California officials join Friends of the Earth to demand formal public hearings
New evidence exposes more major safety concerns
WASHINGTON, D.C. – On the heels of a pointed ruling by a panel of judges against Southern California Edison’s scheme to rush the experimental restart of a severely damaged reactor at San Onofre, elected officials have joined Friends of the Earth in demanding that there be no restart decision until the Nuclear Regulatory Commission holds a formal adjudicatory public hearing with testimony from local citizens and expert witnesses.
On Monday, the Atomic Safety Licensing Board — in a devastating judgement against Edison and the NRC — affirmed a petition for such a hearing, filed by Friends of the Earth. But NRC officials since then have said the ruling does not necessarily trigger the hearing.
Elected officials from cities throughout southern California, including Irvine and San Diego, have submitted letters to the NRC expressing their opposition to Edison’s license application. The elected officials raised issues such as the increased risk of accident, concerns over the potential release of significant radiation into the environment, and the consequences for human health, including increased radiation dose rates and the ability of emergency services to manage such a crisis.
Elected officials from cities throughout Southern California, including San Diego and Irvine, have submitted letters to the NRC expressing opposition to Edison’s license application. The elected officials raised issues such as the increased risk of accident, concerns over the potential release of significant radiation into the environment, and the consequences for human health, including increased radiation dose rates and the ability of emergency services to manage such a crisis.
“It’s an elected official’s first duty to protect the citizens they represent, and Southern Californians should be proud of their public servants for telling the NRC that Edison’s scheme is dangerous and that it’s unthinkable that the agency is seriously considering allowing restart without a formal license review,” said Kendra Ulrich, nuclear campaigner with Friends of the Earth. “We join them in telling the NRC that to approve Edison’s request would be to utterly disregard the safety concerns of millions of people.”
Today, the last day for public comments on Edison’s license application, Friends of the Earth and the Natural Resources Defence Council submitted to the NRC a legal analysis, supported by expert declarations, that further demonstrates there is no credible basis for approving restart of San Onofre reactor Unit 2 on Edison’s terms. The utility is ignoring significant and serious safety hazards identified since San Onofre shut down in January 2012 after a leak of radioactive steam. The documents (parts 1, 2 and 3) include a declaration from former NRC Commissioner Victor Gillinsky, new technical evidence from Joe Hopenfeld, a former NRC steam generator specialist with four decades of nuclear industry experience, and international nuclear engineer John Large of London.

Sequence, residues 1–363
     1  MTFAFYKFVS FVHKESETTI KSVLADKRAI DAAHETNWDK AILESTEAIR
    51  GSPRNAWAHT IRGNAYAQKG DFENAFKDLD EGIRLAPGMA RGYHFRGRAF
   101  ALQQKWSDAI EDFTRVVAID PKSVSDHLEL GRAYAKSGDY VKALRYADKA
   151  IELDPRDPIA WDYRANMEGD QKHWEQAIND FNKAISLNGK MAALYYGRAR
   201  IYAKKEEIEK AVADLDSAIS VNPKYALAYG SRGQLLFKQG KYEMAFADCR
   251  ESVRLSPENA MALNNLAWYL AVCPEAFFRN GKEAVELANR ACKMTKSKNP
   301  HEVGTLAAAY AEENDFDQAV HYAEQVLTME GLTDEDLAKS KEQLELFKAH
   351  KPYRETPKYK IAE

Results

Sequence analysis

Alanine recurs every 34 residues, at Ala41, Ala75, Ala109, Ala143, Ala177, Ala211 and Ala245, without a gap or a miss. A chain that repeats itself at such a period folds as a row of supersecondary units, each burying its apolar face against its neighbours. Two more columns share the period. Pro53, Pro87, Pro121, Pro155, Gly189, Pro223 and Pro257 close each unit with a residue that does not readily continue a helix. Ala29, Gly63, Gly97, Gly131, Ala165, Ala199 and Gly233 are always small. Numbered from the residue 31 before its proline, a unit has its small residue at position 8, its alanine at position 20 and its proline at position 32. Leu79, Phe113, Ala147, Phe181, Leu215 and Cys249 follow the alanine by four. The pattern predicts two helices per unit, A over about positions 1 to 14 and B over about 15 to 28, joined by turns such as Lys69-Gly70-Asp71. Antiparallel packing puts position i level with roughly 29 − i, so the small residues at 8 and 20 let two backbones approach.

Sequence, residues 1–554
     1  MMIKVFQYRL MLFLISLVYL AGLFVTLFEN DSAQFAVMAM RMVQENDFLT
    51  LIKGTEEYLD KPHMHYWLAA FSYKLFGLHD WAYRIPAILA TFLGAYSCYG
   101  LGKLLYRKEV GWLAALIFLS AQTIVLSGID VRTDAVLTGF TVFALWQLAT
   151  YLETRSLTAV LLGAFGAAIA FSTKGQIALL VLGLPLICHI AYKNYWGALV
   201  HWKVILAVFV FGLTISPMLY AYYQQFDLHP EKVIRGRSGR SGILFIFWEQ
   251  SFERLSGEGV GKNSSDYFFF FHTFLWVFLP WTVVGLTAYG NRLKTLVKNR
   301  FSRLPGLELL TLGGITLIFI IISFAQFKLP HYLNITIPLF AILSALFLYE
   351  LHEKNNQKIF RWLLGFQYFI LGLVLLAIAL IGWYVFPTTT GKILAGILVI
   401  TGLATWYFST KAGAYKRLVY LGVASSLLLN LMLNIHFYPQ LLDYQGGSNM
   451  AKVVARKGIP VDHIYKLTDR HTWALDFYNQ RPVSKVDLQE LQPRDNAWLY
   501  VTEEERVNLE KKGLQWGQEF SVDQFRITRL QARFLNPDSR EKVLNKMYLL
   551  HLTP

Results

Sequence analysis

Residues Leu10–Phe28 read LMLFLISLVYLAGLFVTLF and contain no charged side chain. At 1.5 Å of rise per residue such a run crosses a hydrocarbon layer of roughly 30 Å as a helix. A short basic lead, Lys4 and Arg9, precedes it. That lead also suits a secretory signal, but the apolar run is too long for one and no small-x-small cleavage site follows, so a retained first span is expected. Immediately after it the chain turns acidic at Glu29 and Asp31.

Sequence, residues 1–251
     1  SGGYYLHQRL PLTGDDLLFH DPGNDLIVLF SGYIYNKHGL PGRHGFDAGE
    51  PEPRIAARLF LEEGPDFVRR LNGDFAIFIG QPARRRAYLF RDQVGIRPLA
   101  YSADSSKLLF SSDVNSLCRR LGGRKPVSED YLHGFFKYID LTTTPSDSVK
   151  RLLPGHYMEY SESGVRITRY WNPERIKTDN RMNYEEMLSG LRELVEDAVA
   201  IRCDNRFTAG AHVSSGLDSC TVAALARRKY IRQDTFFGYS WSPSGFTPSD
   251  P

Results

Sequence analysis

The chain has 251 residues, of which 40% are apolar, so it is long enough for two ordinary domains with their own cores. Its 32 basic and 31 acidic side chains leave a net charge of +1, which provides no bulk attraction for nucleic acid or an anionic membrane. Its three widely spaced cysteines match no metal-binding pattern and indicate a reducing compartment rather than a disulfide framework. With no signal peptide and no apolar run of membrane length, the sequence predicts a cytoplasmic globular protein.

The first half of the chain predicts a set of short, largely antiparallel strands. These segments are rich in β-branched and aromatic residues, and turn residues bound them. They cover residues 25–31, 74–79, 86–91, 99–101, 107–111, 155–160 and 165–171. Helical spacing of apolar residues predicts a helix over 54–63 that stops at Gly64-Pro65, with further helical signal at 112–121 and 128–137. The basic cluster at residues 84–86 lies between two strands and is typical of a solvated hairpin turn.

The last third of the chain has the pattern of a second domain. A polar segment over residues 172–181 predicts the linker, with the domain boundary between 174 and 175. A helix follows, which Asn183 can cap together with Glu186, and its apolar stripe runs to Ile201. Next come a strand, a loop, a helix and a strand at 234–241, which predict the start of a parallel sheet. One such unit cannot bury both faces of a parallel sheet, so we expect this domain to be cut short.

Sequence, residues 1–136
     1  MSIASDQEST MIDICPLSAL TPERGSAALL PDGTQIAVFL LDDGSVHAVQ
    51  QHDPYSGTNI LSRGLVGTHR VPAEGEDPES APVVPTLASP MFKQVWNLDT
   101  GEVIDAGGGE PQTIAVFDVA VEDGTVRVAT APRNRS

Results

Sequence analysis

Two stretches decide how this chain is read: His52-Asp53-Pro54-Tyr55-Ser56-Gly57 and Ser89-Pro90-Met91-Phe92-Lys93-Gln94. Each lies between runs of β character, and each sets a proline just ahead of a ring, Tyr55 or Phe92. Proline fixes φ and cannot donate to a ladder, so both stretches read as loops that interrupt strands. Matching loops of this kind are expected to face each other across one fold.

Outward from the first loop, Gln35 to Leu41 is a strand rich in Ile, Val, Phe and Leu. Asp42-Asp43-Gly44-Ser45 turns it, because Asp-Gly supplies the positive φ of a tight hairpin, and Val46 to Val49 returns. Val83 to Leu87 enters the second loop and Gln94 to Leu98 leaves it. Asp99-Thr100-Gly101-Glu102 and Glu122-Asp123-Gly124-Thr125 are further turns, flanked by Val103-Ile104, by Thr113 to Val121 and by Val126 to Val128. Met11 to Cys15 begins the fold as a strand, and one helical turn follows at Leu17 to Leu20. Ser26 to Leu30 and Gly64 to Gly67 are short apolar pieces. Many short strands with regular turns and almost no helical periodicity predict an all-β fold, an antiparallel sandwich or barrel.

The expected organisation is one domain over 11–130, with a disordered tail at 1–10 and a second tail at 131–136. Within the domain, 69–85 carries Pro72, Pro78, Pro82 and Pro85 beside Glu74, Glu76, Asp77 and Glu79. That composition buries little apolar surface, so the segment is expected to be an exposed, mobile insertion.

The Friends of the Earth expert analysis includes details on fatigue damage not addressed by Edison or the NRC, such as information on multiple types of wear mechanisms that will lead to further steam generator tube damage and likely rupture. The potential consequences include loss of cooling function for the reactor core and a major release of radioactivity into the environment.
The three-judge ASLB panel — charged with weighing Friends of the Earth’s contentions by a unanimous vote from the NRC Commissioners — agreed that the damage to San Onofre’s team generator tubes is “unprecedented” in the U.S. nuclear industry, and that Edison’s restart scheme is a risky and unproven “experiment.”
The ASLB made clear that Edison’s restart plan violates the terms of San Onofre’s operating license. The process under which the NRC is currently reviewing the utility’s request, including the agency’s preliminary finding of No Significant Hazards, in no way addresses the major safety issues plaguing the nuclear reactor. The ASLB found that the destructive vibrations in the San Onofre steam generators at San Onofre are not taken into account in the reactor’s official safety blueprint. These are not being addressed either in the current license application or Edison’s restart plan.
“Three senior ASLB judges have ruled that Edison’s prediction for future steam tube damage in the reactor ‘is grounded on theory that is not yet supported by actual experience,’ ” said Shaun Burnie, nuclear program director for Friends of the Earth. “This judgement blows apart the NRC’s current plan to give Edison a No Significant Hazards ruling and restart approval for San Onofre. The evidence we have filed today further demonstrates that restarting San Onofre carries a major risk of accident.”
Submissions to the NRC include elected representatives from the cities of San Diego, Laguna Beach Solana Beach, Del Mar, Encinitas, Redondo Beach, Malibu and Irvine, as well as California Assembly Majority Leader Toni Atkins and Assemblymember Shirly Weber. National and local environmental organizations have also submitted comments to the NRC, including the Sierra Club (Los Angeles chapter), Beyond Nuclear, Physicians for Social Responsibility (Los Angeles chapter), San Clemente Green, together with thousands of individual citizens comments opposing Edison’s plans and NRC approval.